3 May 2011

Acts 4:23-37

"Now the whole group who believed were of one heart and soul ..." (v. 32)


The background to today's passage is the healing of the lame man (Acts 3:1-10), Peter's sermon (Acts 3:12-26), the imprisonment of Peter and John and the court case that followed (Acts 4:1-12). The people were amazed both at the healing which had taken place and at the preaching of untrained lay people. Peter and John were threatened by the Sanhedrin to not to say anything else and released. Our passage takes us from them being discharged: naturally enough they go to their friends, where their first action was to pray.

The prayer they offer (vv. 24-30) is a remarkable insight into the devotion of the members of the early Church as reflected by Luke (the writer of Acts as well as the Gospel that bears his name). God is addressed as sovereign (v. 24): they see the difficulties with the Jewish leaders as part of a bigger picture and do not take it personally. This is why in verse 28 they quote Psalm 2:1 and claim help and find comfort.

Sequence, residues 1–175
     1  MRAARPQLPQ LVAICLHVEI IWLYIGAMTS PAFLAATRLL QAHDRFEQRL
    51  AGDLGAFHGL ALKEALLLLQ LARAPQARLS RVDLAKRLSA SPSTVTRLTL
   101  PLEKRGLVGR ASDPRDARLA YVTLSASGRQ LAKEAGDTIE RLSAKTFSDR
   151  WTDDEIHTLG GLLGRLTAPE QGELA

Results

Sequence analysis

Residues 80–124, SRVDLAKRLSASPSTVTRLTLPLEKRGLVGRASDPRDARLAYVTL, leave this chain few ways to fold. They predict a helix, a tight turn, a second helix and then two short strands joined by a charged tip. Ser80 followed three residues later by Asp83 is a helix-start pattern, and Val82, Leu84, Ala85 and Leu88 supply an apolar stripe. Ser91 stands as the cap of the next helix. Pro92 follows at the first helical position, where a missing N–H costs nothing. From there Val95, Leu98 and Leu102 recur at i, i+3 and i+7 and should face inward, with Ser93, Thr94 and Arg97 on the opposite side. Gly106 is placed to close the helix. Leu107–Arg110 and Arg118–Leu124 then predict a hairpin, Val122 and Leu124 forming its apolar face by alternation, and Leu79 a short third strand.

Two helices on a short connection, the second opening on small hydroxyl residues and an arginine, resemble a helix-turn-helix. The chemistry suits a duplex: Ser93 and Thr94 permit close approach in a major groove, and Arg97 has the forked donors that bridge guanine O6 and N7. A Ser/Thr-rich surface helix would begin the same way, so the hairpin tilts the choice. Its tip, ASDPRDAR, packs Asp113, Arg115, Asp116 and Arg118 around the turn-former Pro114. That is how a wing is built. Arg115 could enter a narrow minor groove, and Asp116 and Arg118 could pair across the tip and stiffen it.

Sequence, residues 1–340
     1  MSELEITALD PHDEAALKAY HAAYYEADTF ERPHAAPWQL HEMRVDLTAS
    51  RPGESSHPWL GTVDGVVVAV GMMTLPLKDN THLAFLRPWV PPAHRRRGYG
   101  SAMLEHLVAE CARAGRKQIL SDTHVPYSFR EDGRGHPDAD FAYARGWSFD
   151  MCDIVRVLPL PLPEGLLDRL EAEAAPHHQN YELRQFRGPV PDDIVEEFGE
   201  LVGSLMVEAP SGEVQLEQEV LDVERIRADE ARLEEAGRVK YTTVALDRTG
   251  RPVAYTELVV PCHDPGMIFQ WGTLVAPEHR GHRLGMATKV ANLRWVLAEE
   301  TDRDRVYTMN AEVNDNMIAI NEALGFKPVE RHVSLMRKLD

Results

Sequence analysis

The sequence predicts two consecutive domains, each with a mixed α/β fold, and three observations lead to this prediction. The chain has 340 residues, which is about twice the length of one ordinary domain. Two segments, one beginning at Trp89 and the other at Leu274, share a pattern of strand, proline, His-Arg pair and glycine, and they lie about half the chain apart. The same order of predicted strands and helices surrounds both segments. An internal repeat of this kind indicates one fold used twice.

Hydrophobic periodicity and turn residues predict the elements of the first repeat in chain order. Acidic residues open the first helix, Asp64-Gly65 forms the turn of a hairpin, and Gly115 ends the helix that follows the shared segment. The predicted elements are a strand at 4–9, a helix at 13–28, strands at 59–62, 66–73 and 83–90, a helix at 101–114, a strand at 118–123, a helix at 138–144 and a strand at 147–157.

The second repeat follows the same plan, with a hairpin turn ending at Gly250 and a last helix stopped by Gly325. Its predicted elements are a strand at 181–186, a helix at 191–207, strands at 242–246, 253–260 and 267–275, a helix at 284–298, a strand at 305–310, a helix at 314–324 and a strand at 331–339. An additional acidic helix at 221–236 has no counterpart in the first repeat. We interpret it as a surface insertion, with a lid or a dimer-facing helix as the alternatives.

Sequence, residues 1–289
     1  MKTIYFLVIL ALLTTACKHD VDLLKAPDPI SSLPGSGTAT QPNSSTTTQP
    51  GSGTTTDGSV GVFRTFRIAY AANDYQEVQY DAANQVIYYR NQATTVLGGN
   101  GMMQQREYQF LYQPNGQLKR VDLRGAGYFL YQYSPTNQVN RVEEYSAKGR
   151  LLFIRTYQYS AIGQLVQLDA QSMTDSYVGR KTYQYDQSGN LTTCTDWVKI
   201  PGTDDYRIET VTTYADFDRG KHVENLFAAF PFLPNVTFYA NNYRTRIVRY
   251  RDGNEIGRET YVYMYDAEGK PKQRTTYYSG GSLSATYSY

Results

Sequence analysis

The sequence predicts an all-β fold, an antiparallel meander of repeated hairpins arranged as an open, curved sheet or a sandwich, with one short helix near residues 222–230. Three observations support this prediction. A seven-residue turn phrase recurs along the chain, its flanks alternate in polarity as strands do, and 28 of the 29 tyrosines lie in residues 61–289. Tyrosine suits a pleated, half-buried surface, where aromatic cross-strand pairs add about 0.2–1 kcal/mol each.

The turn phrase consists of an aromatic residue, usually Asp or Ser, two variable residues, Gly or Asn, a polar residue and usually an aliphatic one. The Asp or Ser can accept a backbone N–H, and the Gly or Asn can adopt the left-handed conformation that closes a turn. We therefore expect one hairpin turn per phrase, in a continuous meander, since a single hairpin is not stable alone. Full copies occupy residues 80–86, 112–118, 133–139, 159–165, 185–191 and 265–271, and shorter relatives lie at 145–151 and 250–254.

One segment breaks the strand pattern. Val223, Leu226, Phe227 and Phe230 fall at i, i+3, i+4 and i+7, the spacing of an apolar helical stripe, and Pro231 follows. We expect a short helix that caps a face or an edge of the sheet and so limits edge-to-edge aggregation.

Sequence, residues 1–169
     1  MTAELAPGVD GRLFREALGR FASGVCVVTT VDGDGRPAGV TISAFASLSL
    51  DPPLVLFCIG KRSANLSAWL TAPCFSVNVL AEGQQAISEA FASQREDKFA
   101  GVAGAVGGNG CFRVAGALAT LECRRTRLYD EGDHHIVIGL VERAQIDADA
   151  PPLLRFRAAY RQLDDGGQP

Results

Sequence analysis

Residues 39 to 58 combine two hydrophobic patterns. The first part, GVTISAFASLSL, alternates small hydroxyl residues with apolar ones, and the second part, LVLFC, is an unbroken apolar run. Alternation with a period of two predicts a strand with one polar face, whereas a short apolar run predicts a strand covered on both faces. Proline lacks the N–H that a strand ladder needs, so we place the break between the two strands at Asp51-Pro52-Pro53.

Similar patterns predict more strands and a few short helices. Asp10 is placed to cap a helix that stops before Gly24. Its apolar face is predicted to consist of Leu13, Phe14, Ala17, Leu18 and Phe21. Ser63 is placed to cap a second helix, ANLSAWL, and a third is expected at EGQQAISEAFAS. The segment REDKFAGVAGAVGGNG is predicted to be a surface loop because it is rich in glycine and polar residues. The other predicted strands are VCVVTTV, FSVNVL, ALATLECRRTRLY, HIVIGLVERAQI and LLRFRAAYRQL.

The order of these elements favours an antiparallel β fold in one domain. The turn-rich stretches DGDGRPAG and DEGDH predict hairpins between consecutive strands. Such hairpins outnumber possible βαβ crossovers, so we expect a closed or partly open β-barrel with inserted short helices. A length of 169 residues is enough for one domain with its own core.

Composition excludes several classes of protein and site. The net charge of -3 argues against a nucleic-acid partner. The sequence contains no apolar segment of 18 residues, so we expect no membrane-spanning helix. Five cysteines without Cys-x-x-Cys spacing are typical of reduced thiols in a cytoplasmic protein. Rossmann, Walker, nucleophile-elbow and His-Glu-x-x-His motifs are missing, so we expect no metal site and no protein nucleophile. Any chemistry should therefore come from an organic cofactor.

The effect of the prayer was remarkable as the room that they were in shook as if in an earthquake. (We read of similar events inExodus 19:18 and Isaiah 6:4.) Scholars say that this would have been regarded as a divine response to prayer. The disciples receive a fresh filling with the Holy Spirit to enable them to bear witness on later occasions.

In verses 32-37 we have a summary of the life of the early Church. It stresses the common mind and generosity of their life together, but we soon read that all was not perfect with this group (Acts 5:1-11). Barnabas is given special attention he will appear later as a Christian leader (Acts 11:24), known for his goodness. Certainly a 'person of encouragement' is a wonderful strap line for any of us.

To Ponder

To what extent are we shy of praying together as Christians at times of thanksgiving? Why? What do you think we can do to overcome any timidity?

What do you learn from the cameo of the early Church in verses 32-37? How might it you put this into practice?

How can you develop the gift of encouragement in your life and discipleship?

Bible notes author

The Revd Steve Wild

Born in Rochdale, Steve Wild is a proud Lancastrian, but is at home in his adopted Cornwall where he is chair of district. Steve has been a Methodist minister since 1983 and has served in Cornwall, Preston and Cliff College (as tutor, connexional director of evangelism and acting principal).